I talked to Koreans more today, and now I think Koreans aren’t as bad as I thought. My previous impression had the males being either a) permanently paralyzed or suffering from disease, b) weak bullied pussies or c) taekwando masters who beat shit up, and the females being either a) slitty eyed plain janes, b) sassy plastic girls or c) heroines of tragic circumstances. I’m such a racist.

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15 Responses to “Day 4 in Japan: American Power”  

  1. 1 GlenGrim 7 comments

    Cheers to that.

    If people tell you to go ‘casual’ then you should A: wear the most formal stuff you can come up with without going in costume or B: go in costume anyway.

    Stating it’s ‘casual’ means that they considered the possibility it was otherwise…
    If they really expect you to dress casual they wouldn’t say a damn thing about the dress-code.

    Reading all of this, I’m getting quite dissapointed with the people in my age bracket. I’m eagerly awaiting the time that I’m 60 and am entitled to chasing off teens from ‘my lawn’ using a pointy cane.

  2. 2 Soshi 32 comments

    I should take a look at that book you recommended. Scarily enough, I’ve heard of him? Still, he has a really good point about how literature can and should contribute more to environmentalism. Nerd!Soshi wants to go for his lectures…

    Sigh. What’s with girls and taking photos of themselves…

  3. 3 TP 15 comments

    Try watching BBC’s HARDtalk, tj_han. Everyone and anyone do not deserve a breather: you must be a master at talking-like-a-machine-gun-without-stopping-for-air-for-5-minutes if you want your message be put across.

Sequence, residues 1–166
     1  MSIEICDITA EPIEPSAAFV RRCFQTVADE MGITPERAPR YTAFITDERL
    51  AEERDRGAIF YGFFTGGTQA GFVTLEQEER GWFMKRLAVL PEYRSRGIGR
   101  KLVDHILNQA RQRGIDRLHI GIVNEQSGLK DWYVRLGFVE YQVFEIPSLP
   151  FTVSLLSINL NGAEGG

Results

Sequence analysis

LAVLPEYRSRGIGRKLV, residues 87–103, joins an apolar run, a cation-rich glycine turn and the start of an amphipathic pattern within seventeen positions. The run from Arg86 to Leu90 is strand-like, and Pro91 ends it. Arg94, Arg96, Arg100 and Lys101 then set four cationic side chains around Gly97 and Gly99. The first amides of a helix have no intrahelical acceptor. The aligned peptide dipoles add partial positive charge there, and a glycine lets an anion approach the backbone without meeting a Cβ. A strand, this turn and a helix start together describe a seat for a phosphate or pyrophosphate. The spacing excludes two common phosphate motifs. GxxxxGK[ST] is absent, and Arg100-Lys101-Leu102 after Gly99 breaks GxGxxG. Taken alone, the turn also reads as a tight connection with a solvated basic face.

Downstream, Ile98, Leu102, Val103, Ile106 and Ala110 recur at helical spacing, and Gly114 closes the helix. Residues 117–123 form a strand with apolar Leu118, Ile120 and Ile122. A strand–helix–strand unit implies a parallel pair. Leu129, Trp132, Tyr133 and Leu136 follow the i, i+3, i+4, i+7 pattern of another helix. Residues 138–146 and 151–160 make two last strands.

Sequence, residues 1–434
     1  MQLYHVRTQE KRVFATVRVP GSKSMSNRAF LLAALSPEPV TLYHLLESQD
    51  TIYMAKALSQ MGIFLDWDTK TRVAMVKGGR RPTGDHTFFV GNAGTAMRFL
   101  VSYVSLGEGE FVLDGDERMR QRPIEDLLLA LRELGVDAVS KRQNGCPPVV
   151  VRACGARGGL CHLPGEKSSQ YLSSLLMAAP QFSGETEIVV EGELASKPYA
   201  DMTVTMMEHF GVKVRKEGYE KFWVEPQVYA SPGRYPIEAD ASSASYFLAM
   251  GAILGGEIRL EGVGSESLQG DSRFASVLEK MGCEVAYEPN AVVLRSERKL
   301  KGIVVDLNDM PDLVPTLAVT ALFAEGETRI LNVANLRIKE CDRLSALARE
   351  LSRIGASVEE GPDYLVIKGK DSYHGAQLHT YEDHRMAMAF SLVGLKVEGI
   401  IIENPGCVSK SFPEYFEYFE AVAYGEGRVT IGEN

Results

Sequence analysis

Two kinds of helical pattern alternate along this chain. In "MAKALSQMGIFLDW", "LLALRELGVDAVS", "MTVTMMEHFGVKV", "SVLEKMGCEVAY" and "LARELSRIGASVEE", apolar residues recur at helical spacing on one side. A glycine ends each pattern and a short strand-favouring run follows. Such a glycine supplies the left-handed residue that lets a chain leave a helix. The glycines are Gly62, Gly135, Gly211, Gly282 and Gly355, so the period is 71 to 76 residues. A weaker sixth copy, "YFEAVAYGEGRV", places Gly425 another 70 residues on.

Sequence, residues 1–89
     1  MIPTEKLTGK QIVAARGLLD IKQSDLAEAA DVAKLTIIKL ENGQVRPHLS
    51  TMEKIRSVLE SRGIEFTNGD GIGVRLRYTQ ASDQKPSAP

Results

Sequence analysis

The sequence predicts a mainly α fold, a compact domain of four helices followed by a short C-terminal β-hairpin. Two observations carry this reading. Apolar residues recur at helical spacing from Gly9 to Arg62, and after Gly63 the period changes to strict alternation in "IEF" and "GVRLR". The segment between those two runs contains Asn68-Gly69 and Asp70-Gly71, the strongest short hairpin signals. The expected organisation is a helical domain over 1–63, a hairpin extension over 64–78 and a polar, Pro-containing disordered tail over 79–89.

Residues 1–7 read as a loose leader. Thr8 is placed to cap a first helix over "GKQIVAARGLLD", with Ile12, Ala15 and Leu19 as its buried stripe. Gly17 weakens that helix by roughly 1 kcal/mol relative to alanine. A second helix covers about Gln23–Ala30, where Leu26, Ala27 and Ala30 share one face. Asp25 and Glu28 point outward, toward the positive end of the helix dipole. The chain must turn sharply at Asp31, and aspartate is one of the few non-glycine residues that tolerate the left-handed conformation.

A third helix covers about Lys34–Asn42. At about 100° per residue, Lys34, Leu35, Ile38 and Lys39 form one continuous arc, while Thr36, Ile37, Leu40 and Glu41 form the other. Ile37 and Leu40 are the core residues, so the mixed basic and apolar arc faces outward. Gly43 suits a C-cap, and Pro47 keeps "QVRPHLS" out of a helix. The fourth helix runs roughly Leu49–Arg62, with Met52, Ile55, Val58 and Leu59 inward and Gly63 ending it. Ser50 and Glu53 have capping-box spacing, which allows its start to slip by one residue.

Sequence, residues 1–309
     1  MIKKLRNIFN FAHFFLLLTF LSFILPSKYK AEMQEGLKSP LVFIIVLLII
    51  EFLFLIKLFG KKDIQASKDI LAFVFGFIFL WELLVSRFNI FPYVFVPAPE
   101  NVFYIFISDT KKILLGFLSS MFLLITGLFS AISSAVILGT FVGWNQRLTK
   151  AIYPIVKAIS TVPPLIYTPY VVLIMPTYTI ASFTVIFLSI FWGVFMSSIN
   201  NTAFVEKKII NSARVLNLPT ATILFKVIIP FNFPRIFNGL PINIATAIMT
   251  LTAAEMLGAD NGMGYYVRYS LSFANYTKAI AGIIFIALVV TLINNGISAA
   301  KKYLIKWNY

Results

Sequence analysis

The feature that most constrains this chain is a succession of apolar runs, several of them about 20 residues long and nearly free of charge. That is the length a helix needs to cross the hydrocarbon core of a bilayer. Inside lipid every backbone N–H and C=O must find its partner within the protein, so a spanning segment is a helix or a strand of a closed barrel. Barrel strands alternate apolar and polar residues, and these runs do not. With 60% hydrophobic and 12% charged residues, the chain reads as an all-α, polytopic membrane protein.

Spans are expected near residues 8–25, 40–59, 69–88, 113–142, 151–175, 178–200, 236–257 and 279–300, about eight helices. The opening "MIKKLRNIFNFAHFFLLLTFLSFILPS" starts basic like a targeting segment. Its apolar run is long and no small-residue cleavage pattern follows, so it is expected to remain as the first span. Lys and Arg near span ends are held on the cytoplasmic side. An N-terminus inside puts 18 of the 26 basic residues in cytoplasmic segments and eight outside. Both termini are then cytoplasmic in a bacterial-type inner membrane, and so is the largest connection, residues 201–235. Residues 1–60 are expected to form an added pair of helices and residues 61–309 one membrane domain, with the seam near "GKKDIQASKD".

Hmm, Aswan Dam:

    1. It has created an enormous economic benefit for the Arab Republic: brought about a stabilizing effect in the Nile River’s seasonal floods, provide an endless abundance of electricity to power the grid, and provide a sizable freshwater source for a country that holds mercy at weather patterns (brought on for much worse due to global warming, shukran jazilan, ya ahlul-shaitan Ameerika). The Aswan Dam has, in short, provide a miracle for Egypt to sustain their country… and probably for good reasons.

    a. Authoritarian regime

    Egyptians are as fractured as Iraq: 10% are Christians, a sizable minority of the Egyptian population are supporters of the Muslim Brotherhood, and there are increasing number of Palestinian refugees living in Egypt. The very last thing the country needs is anarchy. The need for an authoritarian regime – regardless of how much democratic propaganda the Western civilization espouses – ensures that unity is assured. The most beneficial compromise is to provide economic opportunities for the citizens of Egypt, and Aswan Dam provides.

    b. Maintenance of economic sustenance to provide security and defence

    Egypt requires money to power their security and defence components of the country. Their proximity to Israel – and the signing of the Peace Treaty between Israel and Egypt in the late 1970s – means continuous monitoring and interjection of both their former enemy and its own citizenry. Being an inheritor to UNESCO World Heritage sites, they need fiscal power to protect tourism and foreign relations.

    2. However, the environmental and ecological impacts (as with all hydroelectric dams) remain to this day:

    a. The loss of naturally-occurring silt to lower-river farmers